This is another part of my Spinning With a Purpose series of posts. Missed the others? You can find them here.
I'm off to Scotland this weekend to run 2 workshops. One is brand new and based around spinning hand dyed fibre, the other is fast becoming my most requested workshop, aimed at getting spinners to really think about the yarn they're producing, and being more confident at matching it to a project.
The other posts have shared the swatches I created as teaching tools, but this time I'm going to show you one of the most useful things I think I hand out to hand spinners.
I started getting in to all things yarn related by learning to knit, and because I learned at a time when online shopping, and online knitting communities were just being started I became exposed to a vast variety of yarn. Probably far more than I would have done without being online. I had a reasonable sized budget for yarn, and used to enjoy spending it! I bought all sorts from many different sources.
As a result I got educated pretty early on just how varied commercial yarns really are. I also developed a pretty good handle on just how thin or thick different yarn categories are, and how sometimes yarn companies are rubbish at classifying their own yarn. I got confident making yarn substitutions from those listed in the pattern, and that is a really useful tool as a hand spinner, as you're never going to be using the exact yarn the pattern asks for.
During my workshop I get people to look at the structure of these commercial yarns. We also look at their comparative thicknesses, and discuss how metres per 100g is not always a good indicator of thickness. It's also why doing a straight yarn swap without thinking about what the original yarn called for in the pattern doesn't always work.
This sample card contains yarn of a full variety of thickness, yarn structures, and fibre compositions. It's a really handy tool to keep around purely as a reminder of how commercial yarns can be so very different. It's also a good control card, if you want to spin the equivalent of a commercial sock yarn you really do need to spin something incredibly fine.
When I spin for a specific pattern I usually look carefully at the original yarn the pattern was designed to use. If I'm knitting colour work then I know I need a yarn similar to Jamiesons and Smith 2-ply Jumper Weight, if I'm knitting socks then I need to match something like the Knit Picks Hawthorne, or for a truly hard wearing yarn something of a similar construction to the Aracania, or an Opal sock yarn.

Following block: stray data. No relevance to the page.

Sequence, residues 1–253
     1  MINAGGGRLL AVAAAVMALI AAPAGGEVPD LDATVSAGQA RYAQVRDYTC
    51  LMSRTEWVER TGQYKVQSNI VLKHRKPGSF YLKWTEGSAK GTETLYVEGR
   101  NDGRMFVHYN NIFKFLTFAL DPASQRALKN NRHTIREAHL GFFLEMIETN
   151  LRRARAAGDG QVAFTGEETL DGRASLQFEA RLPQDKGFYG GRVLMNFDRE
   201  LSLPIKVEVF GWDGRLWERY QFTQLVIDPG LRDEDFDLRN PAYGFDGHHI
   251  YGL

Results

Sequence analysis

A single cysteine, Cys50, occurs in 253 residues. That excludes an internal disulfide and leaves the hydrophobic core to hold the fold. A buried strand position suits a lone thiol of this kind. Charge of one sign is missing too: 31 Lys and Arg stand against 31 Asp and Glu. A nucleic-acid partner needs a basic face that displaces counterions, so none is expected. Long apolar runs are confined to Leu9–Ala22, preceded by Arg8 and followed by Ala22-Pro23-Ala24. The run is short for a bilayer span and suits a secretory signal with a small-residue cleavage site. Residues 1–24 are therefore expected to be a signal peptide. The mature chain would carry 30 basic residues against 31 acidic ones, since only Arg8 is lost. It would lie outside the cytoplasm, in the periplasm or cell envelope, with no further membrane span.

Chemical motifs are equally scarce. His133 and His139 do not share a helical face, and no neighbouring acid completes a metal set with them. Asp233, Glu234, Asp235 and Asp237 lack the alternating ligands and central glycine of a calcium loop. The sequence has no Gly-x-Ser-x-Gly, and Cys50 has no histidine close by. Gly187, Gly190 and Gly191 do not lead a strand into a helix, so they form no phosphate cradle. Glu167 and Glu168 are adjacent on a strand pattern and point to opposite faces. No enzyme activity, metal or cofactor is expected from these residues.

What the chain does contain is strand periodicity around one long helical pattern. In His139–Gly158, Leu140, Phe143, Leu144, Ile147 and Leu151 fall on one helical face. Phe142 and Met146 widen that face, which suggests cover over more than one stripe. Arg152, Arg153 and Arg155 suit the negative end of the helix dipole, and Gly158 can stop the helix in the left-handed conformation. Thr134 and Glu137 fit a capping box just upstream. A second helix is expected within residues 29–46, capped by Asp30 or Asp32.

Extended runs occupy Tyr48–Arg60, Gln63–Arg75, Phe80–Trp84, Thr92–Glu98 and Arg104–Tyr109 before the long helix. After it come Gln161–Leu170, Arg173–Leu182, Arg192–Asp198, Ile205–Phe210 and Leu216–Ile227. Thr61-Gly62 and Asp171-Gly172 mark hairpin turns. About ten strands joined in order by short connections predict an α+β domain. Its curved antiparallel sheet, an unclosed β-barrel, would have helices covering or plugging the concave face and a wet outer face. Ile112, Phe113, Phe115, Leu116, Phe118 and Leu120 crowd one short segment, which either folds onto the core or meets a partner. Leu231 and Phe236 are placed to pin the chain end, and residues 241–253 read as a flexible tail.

So if you have a commercial yarn stash, maybe pull off a few centimetres and start making your own sample card. If you don't, but know you want to spin for a specific pattern, and are really not sure what the original yarn is like it might be worth investing a few pounds in buying just one skein/ball. Or ask around, why not do a commercial yarn sample swap at your local guild.
Classically speaking there are 2 types of yarn.
Woolen spun, and Worsted Spun. Back in "Ye Goode Old Dayes" all spinners would process their own fleece (or have a small child, or hefty man do it for them; more on that later...) and then use one of 2 spinning types to produce 2 very different yarns.
Roll forward to modern times, and the wider variety of spinning fibres we have on offer and things aren't quite so clear cut, but Woolen and Worsted are still useful things for todays spinner to wrap their head around.
It's a wordy blogpost, and heavy on video content, because nothing beats seeing these techniques carried out.
We'll start off with what the yarns feel like.
Woolen yarns contains lots of air, they're light, fluffy, and will often have small ends of fibre poking out of the yarn structure. They're incredibly elastic and bouncey. Jamiesons and Smith 2-ply Jumper weight is a classic commercial example of this type of yarn.
Worsted yarns are smooth and dense, they tend to drape well and be much more lustrous. Many commercial yarns are spun in this way, particularly sock yarns.
The 2 skeins below were spun using the 2 different techniques, you can can see how much smaller the woolen skein is, but when held under tension will stretch out to the same length as the worsted skein.
Why are they different?
Well it's all a matter of different fibre preparations, and different spinning techniques.
Woolen spun is traditionally spun from carded rolags (this was the job small children carried out). It's then spun with the twist entering the drafting zone in a long draw technique. This video of a Navajo Weaver has long been a favourite of mine. You can see her producing rolags, and then using a navajo spindle to do a form of long draw.